ReDigi's Reselling of Digital Music Violates Copyrights: Court

By Andrew Lu on April 03, 2013 | Last updated on March 21, 2019

In a major music download lawsuit, Capitol Records has won a ruling against ReDigi Inc. claiming ReDigi violated the company's digital music copyrights.

A federal judge in New York found that ReDigi was not allowed to let users buy and sell "used" digital music files on its website, reports Reuters. These songs had originally been purchased through Apple's iTunes.

The lawsuit is significant, as several companies have been making headway in creating a marketplace for used and unwanted digital works like music and ebooks. This is similar to how second-hand record and book stores resell used physical copies of records and books, but with one critical difference.

ReDigi was formed in 2011 and branded itself as "the world's first pre-owned digital marketplace." On its website, users could trade used music tracks at a fraction of the cost after buying them legitimately through Apple's iTunes, reports Reuters. ReDigi made money by charging a commission on each sale.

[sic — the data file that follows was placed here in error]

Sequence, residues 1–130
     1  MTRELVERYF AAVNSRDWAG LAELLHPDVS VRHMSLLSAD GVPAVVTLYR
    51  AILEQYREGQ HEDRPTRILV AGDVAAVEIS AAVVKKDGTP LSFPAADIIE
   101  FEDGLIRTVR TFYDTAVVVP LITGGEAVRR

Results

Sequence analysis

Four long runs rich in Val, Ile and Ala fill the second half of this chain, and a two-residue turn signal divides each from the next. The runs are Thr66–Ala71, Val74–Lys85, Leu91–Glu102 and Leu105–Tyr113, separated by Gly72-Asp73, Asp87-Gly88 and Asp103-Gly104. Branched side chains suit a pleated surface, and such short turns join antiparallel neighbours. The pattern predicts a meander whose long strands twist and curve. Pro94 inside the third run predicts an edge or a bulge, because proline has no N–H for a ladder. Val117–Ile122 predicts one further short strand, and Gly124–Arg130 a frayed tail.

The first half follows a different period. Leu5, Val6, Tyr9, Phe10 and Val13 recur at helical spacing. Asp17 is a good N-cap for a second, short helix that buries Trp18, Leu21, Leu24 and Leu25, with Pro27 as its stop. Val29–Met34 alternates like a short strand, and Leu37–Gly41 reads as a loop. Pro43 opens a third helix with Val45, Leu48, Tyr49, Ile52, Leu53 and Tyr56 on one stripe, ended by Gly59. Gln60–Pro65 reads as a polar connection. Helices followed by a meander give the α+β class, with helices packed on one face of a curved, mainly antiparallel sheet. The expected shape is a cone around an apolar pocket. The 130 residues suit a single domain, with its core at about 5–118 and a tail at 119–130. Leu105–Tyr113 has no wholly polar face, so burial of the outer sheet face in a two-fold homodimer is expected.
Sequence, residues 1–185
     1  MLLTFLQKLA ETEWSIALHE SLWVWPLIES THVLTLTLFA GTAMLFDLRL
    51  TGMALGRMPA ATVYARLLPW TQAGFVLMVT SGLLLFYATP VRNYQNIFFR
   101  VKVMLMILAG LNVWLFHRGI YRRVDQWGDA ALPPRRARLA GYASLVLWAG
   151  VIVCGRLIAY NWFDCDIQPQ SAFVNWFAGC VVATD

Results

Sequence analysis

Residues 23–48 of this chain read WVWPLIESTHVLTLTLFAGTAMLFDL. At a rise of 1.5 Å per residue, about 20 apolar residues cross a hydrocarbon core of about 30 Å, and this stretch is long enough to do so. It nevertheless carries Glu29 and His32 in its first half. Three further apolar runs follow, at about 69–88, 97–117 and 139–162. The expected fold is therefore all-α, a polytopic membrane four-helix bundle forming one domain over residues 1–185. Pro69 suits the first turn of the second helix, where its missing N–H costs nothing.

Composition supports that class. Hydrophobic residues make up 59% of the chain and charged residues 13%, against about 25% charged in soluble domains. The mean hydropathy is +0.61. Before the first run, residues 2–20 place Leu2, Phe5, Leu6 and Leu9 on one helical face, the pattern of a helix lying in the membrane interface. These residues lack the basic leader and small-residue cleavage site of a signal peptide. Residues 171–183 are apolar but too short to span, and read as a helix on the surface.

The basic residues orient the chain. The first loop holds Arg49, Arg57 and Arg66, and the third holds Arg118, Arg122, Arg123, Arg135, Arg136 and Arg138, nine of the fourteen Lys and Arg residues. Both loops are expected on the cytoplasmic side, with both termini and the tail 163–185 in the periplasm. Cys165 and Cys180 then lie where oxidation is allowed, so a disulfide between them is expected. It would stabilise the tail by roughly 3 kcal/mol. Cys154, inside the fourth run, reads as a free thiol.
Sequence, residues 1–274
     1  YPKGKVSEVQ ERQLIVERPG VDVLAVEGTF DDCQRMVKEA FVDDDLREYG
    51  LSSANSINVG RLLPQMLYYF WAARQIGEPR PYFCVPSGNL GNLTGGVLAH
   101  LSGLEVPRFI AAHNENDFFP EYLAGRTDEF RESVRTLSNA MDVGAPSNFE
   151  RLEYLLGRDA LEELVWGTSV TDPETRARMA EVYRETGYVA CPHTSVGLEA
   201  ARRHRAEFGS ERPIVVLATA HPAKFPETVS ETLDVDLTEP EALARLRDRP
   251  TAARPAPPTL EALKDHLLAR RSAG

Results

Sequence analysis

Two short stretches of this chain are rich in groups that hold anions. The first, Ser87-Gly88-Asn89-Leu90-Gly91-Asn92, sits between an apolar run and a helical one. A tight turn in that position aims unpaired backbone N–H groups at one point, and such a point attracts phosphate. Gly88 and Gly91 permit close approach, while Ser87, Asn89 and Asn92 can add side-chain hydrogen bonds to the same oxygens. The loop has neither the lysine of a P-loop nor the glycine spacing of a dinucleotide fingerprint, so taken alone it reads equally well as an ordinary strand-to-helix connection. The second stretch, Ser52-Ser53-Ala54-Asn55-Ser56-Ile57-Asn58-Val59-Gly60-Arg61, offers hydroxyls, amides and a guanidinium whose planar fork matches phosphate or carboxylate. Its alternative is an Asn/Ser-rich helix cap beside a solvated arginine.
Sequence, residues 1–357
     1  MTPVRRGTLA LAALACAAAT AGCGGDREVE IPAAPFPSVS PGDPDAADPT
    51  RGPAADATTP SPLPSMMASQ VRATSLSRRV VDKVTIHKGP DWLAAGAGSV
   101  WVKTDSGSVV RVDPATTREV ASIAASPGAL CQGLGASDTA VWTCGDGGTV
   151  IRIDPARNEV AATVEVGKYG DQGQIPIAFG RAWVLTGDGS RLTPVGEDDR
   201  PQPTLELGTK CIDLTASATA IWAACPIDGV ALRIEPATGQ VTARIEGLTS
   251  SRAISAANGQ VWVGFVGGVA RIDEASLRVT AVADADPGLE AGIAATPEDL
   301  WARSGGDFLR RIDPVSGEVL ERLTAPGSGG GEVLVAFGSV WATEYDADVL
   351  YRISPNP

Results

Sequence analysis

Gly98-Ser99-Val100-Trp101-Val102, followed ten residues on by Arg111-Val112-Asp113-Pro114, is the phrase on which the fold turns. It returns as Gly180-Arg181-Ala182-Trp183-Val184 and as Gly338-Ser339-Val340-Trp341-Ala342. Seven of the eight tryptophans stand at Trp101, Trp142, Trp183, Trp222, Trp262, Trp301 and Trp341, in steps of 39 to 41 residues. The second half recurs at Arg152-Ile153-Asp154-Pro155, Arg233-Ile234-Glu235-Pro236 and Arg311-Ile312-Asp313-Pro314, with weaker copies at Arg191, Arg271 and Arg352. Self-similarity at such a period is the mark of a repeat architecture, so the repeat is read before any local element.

In its lawsuit, Capitol complained that ReDigi violated its copyrights by operating its online store and allowing the unauthorized reproduction and distribution of its music. The federal judge ruled for Capitol, and found that ReDigi infringed on Capitol's rights by reproducing the songs in its sales.

To conduct a transaction, ReDigi reportedly had to create a "new phonorecord" to give to the buyer. At the same time, ReDigi destroyed the old phonorecord.

The court held that ReDigi's creation of a new phonorecord distinguished it from physical resale marketplaces like used bookstores. ReDigi could not simply pass on the exact same digital recording to the buyer, and by making the reproduction, it violated Capitol's reproduction rights.

The effect of the ruling may be that operators of digital re-sale marketplaces will have to obtain the approval of copyright holders before they can conduct business. So if ReDigi wants to allow the sale of a Katy Perry single, it would have to get Capitol's permission first, according to the court's ruling.

Lawyers for ReDigi, however, say they plan to appeal.

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